DIY under the bonnet basics
LIGHTS flashing on the instrument panel, a digital written reminder, sometimes even an audible warning – these days many new cars will let you know when something is wrong. Checking the fluids in your car should be done regularly to keep it in tip-top condition in between services. If you’re regularly monitoring oil, water and engine coolant, washer fluid, brake fluid and power steering fluid, you’re more likely to notice a sudden drop that could indicate a bigger issue.
For some, what’s under the bonnet is foreign and many may not be confident in conducting these important measures. The owner’s manual (located in the glove box in most cars) will take you through it step-by-step, and we urge you to read it and get familiar. But to help out further we’ve created an illustrated guide below.
Most cars have brightly coloured caps to help locate the things you need to check. The first time is the hardest, just follow these simple steps:
Check Oil Level Take a short drive to get the engine warmed up, and then ensure the surface you park on is flat. Wait a few minutes for the oil to settle, then pull out the dipstick and wipe it with paper towel or a cloth rag. Push the dipstick back in as far as you can, then pull it out and check the oil level isn’t too low or high.
Warning: Always use the oil grade as specified in your manual and never overfill as you could cause damage to the engine.
Coolant Wait for the engine to cool completely or you risk letting out a burst of steam when you open the reservoir. The level may also be higher when the engine is warm, but when it cools off the level should be between the min and max marks. Make sure the level is within the safe-zone and if necessary, top up slowly till its full.
Washer Fluid The windscreen washer container is also linked to the rear window and headlight washer system, so for the obvious reason of ensuring clear visibility, you need to check the washer fluid reservoir regularly.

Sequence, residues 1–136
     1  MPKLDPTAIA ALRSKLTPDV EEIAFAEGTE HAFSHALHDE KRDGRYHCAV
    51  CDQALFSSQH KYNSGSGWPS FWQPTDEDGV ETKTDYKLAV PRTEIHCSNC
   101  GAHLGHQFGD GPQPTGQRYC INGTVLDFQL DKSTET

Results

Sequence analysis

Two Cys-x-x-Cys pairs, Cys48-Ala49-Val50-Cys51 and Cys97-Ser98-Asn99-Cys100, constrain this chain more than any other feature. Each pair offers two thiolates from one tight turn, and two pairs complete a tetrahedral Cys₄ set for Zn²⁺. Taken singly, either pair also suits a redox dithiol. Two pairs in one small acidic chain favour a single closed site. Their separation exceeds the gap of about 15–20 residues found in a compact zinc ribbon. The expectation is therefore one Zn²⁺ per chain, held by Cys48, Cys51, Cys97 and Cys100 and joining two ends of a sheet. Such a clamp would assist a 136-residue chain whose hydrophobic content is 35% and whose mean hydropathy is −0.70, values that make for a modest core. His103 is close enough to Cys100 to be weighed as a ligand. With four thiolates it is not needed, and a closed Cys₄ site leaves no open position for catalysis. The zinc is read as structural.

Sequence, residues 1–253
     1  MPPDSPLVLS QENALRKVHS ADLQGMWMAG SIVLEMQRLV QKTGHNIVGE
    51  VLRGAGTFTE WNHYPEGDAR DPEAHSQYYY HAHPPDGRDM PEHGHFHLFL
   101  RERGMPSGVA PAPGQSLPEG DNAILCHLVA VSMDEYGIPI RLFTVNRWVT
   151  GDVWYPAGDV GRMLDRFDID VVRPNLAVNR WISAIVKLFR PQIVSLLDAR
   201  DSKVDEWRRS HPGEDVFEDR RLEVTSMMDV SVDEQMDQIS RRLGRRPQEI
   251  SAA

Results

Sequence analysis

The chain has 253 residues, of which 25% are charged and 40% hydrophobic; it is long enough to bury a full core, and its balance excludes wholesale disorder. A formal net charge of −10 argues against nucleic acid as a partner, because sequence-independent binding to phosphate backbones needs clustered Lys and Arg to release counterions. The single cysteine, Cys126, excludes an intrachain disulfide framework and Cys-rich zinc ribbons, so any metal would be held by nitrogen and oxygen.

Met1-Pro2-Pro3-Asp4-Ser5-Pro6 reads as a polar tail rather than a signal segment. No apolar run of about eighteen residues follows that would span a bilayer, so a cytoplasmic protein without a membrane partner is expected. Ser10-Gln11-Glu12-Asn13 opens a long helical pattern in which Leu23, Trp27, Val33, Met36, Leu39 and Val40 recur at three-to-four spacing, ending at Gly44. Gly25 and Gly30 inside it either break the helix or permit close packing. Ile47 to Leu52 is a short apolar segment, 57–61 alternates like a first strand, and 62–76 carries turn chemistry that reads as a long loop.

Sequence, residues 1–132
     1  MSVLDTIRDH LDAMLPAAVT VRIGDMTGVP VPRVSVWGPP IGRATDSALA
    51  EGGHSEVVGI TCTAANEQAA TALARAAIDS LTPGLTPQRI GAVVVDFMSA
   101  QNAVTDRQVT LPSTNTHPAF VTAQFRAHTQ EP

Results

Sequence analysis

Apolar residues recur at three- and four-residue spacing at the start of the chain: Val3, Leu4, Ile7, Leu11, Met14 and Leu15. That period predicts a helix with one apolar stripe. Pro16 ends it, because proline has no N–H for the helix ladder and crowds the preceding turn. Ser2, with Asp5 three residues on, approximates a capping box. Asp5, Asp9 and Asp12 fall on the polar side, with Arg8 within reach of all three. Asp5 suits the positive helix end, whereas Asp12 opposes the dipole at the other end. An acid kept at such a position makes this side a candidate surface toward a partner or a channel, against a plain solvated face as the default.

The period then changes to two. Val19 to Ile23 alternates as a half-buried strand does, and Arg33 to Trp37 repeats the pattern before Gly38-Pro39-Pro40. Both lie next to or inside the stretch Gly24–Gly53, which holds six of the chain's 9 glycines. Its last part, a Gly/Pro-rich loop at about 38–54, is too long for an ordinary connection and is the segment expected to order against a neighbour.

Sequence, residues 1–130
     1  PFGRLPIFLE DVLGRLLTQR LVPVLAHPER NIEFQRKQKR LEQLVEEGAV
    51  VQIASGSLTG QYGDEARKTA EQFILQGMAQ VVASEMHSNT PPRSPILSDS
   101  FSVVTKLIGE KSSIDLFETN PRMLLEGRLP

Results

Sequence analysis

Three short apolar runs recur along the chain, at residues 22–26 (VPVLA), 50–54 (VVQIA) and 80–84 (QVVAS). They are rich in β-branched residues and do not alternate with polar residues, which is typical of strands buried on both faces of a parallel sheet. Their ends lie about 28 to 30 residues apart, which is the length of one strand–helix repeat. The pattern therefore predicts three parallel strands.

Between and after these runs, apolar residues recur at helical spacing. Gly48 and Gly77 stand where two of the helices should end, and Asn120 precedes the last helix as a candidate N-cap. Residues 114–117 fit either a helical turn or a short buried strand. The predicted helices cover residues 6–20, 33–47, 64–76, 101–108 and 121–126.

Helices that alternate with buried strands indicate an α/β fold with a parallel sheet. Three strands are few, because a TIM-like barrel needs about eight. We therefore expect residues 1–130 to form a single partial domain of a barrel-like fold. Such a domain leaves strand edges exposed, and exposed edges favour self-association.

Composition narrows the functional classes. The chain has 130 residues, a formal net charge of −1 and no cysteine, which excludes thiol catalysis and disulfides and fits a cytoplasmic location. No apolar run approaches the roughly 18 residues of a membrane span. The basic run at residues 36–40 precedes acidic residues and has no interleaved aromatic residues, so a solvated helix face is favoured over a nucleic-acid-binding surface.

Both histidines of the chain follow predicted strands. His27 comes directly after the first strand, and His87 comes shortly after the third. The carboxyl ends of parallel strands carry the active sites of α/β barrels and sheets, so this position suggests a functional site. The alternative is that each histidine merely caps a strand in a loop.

To top up, pour clean water and add washer fluid to the max level. In winter use a washer fluid with anti-freeze.
Warnings: Use soft water if possible to prevent scaling and don’t risk putting in radiator anti-freeze or other additives.
Brake Fluid pads wear, but if you notice a big drop or if its needs frequent refilling, it could mean there’s an underlying issue. Check that the levels are in between the min and max marks on the reservoir and top up if necessary.
Warnings: Do not spill brake fluid on the body of the vehicle or you can cause damage to the paintwork. It also shouldn’t come in contact with skin. If you are frequently heavy on the brakes, it could cause a vapour lock that can put you at risk of having an accident by affecting the efficiency of the brakes.
Power steering to it. Wipe with a clean cloth then pop back in and remove to check the level.
If it’s low, have a quick look around to make sure there are no leaks, then top up slowly being careful not to overfill.
Warnings: For safety reasons its vital that your steering is performing at its optimum level. Always use a clean cloth and make sure no debris gets into the fluid, this goes for brake fluid too, as well as any hydraulic system. If you suspect a leak, take it straight to your preferred authorised service centre.
How often should I check? The recommendations vary, but once a month is a good rule-of-thumb. You’re certainly not likely to have to top-up all the time, but making it a regular part of your routine can help prevent major damage because you’ll notice if things aren’t right. — Caradvice
down. Mostly false. Back in the day brakes on cars were very poor, so you had to select lower gears and slow down that way. Today, car brakes are more than up to the task of slowing the car. But there are two exceptions to the rule; first is when you are face with very long downhills that require a lot of braking, especially when towing or heavily loaded. Here it is a good idea to select lower gears and have the engine assist the brakes to avoid overheating. The second is when you are driving in very slippery conditions. Here it is better to select a lower gear and let the engine slow the car to reduce the risk of skidding. This works because the engine is trying to drive the wheels at a lower speed yet still rotate them, as opposed to braking which simply tries to stop the wheels from turning.
ABS is bad on dirt roads. This used to be true, but is now mostly false. On loose surfaces like dirt it is better to lock the wheels up a bit when you brake; a sort of skidding as it forms a neat pile in front of the tyres to help with the braking process. Old ABS systems never did that, and the vehicle barely slowed down. Modern ABS systems adapt to the terrain and slow vehicles down nicely whatever the terrain.
Brake before a corner. True, and false. The absolute safest way to corner is to slow to the desired speed before a corner. However, advanced drivers often get the bulk of their braking done before a corner, and smoothly reduce the braking as they turn in. This is a racetrack technique called trail braking, and can sometimes be used on the road too but nowhere near to the same extent as you’d use on a track. Be clear on this – you do the bulk of your braking before the turn, and have begun smoothly releasing pressure as you turn. — Practicalmotoring
Checking the fluids in your car should be done regularly to keep it in tip-top condition in between services.
Coming to a stop also separates the good driver from the bad.